Because my father-in-law babysat in the house (the longest I’ve ever been “separated” from Judas Jr.) I was able to get a lot of work done and it freed up my spouse to work simultaneous and transport wood and start shoveling the roof (and work overtime in the midst of all this). We’re pretty socially isolated, both in terms of having few friends/family and by physical proximity, but it was extremely heartening to see who showed up and helped without even being asked. We did a lot of work ourselves but it would have taken us so much longer to do it all on our own and I don’t even want to think about what it would be like without firewood. We’ve been trading labour/stuff back and forth with our friends for a while but we’re still having everyone out for dinner and giving away homemade jam and whatever else I make. Even our neighbor plowed us out with his skid steer the first day and I was sure to give him gas money (and jam). It’s times like these being relatively close to other people isn’t so bad, gotta remember than when I’m pining for a giant property in the middle of nowhere, ten acre Rat Farm has some advantages.
Homemade French onion soup and baguettes from dinner the other night. We had the leftovers for lunch yesterday.
Sunday’s photos, showing the work I did this weekend. The fourth one was taken standing at the back of the barn looking forward, one the pallet pile. Standing with your back to the rear wall; the left is the firewood (we can see it but it’s not safe to access) and to the right is the backhoe attachment (looks fine) and a little forward of that under the roof (not pictured) are my squashed spare cages/brooders… Most of the barn contents will be a mystery until spring.
So what I did flip the breaker off at the house only to discover the septic pump and all the lights in the workshop/tuck-under-garage half of the basement were on the same breaker. So we disconnected the physical line out to the barn (and flipped the breaker in the barn, just because). Then I cut out all the wiring that was in the way with a wire cutter and removed beams with a reciprocating saw. There was a ceiling fan that landed across the seat/steering wheel and miscellaneous debris, including chunks of the roof. There was one beam that was attached firmly to the roof (some I could tear off) and I made a series of relief cuts so that section was flexible and could be folded back. I shoveled as much as I could safely reach from that portion of the roof before it got dark.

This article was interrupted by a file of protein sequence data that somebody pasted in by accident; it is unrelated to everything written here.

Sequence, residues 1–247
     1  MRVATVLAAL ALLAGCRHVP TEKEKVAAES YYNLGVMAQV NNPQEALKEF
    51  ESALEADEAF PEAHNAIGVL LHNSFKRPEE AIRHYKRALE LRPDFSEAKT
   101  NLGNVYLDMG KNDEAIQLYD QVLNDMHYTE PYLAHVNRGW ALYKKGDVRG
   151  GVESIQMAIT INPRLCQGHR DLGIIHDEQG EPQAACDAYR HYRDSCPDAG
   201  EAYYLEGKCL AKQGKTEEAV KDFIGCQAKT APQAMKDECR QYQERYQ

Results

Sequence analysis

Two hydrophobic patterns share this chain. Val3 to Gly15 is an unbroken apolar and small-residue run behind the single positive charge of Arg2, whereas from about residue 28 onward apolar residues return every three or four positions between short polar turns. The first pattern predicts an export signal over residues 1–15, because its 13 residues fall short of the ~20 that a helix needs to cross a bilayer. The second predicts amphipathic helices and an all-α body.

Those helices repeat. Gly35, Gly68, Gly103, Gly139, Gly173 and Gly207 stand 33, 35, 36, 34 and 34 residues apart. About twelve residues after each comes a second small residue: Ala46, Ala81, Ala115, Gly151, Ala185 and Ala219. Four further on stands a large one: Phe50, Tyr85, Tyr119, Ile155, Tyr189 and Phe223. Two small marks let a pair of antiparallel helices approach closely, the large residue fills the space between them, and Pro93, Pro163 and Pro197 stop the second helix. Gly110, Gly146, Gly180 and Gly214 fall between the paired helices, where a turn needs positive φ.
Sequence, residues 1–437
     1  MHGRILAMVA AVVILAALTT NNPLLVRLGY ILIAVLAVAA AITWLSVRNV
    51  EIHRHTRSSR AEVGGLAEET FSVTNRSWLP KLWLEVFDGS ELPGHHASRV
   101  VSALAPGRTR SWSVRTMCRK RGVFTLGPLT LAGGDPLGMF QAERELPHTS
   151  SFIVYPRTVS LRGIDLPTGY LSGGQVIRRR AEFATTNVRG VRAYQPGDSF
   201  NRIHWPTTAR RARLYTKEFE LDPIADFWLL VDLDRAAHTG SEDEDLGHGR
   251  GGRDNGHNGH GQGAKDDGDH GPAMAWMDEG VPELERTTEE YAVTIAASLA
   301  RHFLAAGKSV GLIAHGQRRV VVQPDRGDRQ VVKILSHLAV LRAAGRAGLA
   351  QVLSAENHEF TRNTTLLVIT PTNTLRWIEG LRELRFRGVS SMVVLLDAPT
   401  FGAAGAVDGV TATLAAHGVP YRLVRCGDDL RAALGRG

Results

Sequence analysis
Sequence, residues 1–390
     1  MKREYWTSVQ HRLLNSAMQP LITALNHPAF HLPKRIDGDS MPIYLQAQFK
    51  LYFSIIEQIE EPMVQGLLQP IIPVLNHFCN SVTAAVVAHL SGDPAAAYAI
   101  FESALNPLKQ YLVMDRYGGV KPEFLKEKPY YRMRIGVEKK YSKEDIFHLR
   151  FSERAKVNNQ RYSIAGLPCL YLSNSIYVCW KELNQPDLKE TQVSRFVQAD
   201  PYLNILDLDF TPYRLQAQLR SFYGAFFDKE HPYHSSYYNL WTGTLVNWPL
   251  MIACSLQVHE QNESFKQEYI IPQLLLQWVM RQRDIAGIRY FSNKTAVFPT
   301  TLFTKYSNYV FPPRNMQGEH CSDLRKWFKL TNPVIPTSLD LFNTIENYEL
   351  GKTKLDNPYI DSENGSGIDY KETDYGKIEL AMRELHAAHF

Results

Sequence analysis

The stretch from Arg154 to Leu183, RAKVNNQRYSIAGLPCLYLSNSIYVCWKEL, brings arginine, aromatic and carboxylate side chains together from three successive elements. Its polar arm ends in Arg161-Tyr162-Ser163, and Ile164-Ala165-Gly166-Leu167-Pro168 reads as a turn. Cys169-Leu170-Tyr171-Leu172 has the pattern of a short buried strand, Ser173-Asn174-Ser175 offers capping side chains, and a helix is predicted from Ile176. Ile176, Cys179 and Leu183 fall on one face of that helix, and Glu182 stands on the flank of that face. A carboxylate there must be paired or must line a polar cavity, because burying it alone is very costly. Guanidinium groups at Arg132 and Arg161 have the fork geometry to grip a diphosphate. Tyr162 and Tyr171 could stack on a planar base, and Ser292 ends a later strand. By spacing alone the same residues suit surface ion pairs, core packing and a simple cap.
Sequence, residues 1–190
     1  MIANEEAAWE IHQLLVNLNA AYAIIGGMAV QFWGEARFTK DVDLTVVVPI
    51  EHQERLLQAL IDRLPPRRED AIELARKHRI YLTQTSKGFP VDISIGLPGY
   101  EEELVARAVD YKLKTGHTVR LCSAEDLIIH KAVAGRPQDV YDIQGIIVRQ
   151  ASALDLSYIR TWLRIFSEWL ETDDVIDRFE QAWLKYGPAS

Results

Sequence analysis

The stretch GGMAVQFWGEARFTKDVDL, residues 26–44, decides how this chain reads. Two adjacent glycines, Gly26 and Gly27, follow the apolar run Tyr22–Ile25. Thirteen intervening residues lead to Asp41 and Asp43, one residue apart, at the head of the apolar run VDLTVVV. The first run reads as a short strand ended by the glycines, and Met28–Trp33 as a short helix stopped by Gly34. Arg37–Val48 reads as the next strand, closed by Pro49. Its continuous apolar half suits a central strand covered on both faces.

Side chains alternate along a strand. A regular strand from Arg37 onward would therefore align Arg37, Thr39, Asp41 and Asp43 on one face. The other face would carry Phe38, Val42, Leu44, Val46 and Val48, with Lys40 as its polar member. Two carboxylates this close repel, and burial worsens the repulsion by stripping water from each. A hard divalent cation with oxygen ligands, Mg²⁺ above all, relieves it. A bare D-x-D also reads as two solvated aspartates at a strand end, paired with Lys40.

I’ll post details when I have more time, just needed to sit and collect myself after getting caught up on the regular chores (and get some coffee) before I head outside for another busy day. I figured I could toss out a mini-update.
I wanted to thank everyone that helped spread the word! It’s been a very heartening experience to see so many people take the time to reblog and share links. We appreciate the kind words and well-wishes, too! We’re very thankful everyone is safe and and that it was just the barn and not our house roof that collapsed… We hope that through this particularly harsh winter that others are safe and well. Don’t forget to shovel your roof! Especially with spring weather and ice-damns around the corner! If you see a neighbor struggling with snow removal, particularly an elderly one, lend them a hand!
Because a few people have mentioned donations I want to say that it’s a very kind gesture but we are NOT looking for financial help at this time! We’re just looking for leads on firewood and animal cages to purchase or trade for. Hang on to your money for your own emergencies or for those worse off. Remember that even if you have insurance to cover disasters, it can take a while to get claims through and you may need to buy things long before you get any reimbursements! Those emergency funds help so always maintain a buffer beyond your normal expenses!
Thank you and best wishes from Rat Farm!